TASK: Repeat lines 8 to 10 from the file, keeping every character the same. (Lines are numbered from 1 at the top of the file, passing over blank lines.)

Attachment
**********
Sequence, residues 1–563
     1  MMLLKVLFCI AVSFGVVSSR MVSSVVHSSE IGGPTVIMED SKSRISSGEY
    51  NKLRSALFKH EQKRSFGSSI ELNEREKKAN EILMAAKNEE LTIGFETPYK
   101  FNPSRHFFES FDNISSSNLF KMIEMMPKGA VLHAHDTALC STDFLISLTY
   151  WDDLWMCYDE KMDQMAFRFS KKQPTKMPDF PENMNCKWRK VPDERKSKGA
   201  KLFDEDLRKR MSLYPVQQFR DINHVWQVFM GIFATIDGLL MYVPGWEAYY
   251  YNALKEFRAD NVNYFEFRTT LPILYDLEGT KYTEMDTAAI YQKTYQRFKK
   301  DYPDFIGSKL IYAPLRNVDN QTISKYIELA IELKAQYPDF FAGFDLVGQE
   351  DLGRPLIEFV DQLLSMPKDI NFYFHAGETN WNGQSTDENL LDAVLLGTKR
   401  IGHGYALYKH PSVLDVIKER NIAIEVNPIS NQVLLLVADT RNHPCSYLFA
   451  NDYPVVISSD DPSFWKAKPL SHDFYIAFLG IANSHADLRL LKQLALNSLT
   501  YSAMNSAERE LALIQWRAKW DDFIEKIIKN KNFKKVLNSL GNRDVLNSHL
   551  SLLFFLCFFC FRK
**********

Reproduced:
   301  DYPDFIGSKL IYAPLRNVDN QTISKYIELA IELKAQYPDF FAGFDLVGQE
   351  DLGRPLIEFV DQLLSMPKDI NFYFHAGETN WNGQSTDENL LDAVLLGTKR
   401  IGHGYALYKH PSVLDVIKER NIAIEVNPIS NQVLLLVADT RNHPCSYLFA